Traditional Surrogacy vs Gestational Surrogacy: How To Choose Which Is Best?

Posted on October 17, 2022 by Giving Tree Surrogacy & Egg Donation in Surrogacy Facts

Surrogacy has become a polarizing word (but it doesn't have to be!). For some the word conjures up images of amazing, soul-driven women willing to lend their wombs to Intended Parents in need. For others, the image may not be so positive due to socioeconomic stigma, religious and political views, or downright false information.

Having questions about surrogacy (the science of family-building) is important - having reputable, fact-based answers is life-changing.

The textbook definition of surrogacy is fairly straight forward according to the Merriam-Webster Dictionary states, surrogacy is, “the practice by which a woman (called a surrogate mother) becomes pregnant and gives birth to a baby to give it to someone who cannot have children.”

There can be some grey areas in comprehension and definition of surrogacy as a practice depending on personal views and access to education on the topic. Today we'll address a few major concerns while defining the two main types of surrogacy.

Questions may arise on your journey to find an agency or service, such as:

  • What is a surrogate mother?
  • Is all surrogacy the same?
  • Will my baby share DNA with the Surrogate Mother?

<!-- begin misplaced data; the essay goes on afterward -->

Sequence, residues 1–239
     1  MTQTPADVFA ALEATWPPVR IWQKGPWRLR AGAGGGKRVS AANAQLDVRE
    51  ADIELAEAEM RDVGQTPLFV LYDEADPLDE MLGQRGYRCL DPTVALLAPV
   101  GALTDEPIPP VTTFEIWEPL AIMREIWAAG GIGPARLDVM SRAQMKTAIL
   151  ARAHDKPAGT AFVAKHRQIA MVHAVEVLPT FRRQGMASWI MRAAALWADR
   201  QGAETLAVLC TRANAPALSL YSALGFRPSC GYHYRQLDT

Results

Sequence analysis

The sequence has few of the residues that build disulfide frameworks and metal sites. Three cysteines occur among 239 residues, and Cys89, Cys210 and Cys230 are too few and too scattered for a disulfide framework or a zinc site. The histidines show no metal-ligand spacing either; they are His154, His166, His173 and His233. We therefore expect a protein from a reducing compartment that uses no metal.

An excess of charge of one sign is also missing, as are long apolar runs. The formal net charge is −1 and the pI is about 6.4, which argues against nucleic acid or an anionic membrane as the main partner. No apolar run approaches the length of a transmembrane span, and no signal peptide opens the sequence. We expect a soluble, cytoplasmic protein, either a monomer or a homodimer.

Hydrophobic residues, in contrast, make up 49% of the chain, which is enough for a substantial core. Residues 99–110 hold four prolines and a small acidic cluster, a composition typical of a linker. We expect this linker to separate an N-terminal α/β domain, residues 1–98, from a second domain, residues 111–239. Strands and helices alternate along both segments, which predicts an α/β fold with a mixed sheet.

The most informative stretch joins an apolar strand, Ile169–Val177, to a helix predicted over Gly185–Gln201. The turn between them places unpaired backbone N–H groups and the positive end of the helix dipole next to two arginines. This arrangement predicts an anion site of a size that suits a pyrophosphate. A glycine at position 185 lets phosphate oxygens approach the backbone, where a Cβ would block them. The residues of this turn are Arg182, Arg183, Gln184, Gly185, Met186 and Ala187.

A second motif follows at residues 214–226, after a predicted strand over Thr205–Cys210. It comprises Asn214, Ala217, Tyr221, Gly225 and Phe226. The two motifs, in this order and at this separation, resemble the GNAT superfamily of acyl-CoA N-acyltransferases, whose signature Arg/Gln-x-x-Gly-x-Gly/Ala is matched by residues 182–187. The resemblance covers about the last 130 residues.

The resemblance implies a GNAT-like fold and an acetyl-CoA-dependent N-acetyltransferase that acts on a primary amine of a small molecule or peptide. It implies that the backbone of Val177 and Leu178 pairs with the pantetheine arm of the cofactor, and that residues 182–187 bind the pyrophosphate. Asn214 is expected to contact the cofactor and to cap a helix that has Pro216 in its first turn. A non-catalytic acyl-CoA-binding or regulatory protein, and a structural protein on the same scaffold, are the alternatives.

• How much does a surrogate make (Will I have a contract)?
  • Are there mental health checks for all parties involved, including the spouse of our surrogate should she have one?

These are actual, real, valid questions brought up by serious inquiries before embarking on surrogacy.

It’s called “Doing Your Due Diligence” and we highly encourage it! Working within a reputable agency, like Giving Tree, will help answer your questions without judgment while providing emotional support throughout the process.

If you have deep questions or require more support, remember… we’re just a friendly phone call away at 888-328-8883.

We heard a crazy rumor the other day about what surrogacy is…

Tell us if you’ve heard this common myth flying around recently: that there is only one type of surrogacy - gestational - which means the child is related to the surrogate.

The answer to this myth is…a hard no. Let’s dive deeper into this. On the surface, there are two types of surrogacy options.

Traditional Surrogacy and Gestational Surrogacy.

Altruistic and Independent Surrogacy can fall under these main categories as talking points too.

Gestational Surrogacy has grown in popularity over the last 30 years as it diminishes some legal and emotional hardships. The surrogate mother is not biologically related to the baby, which we'll dive deeper into a bit later.

First, let's tackle the OG, Traditional Surrogacy.

Complete Your Application Below

Traditional Surrogacy has roots around the world.

Traditional Surrogacy is typically when the biological mother (egg donor) of the child is the “surrogate”. The Intended Parent here would be the biological father or partner in a same sex couple using donor sperm.

Traditional Surrogacy has been practiced the longest simply because modern technology recently allowed for embryo creation to occur outside of the womb. Simply put, the science wasn't where it needed to be in the 1970s when surrogacy first hit the scene.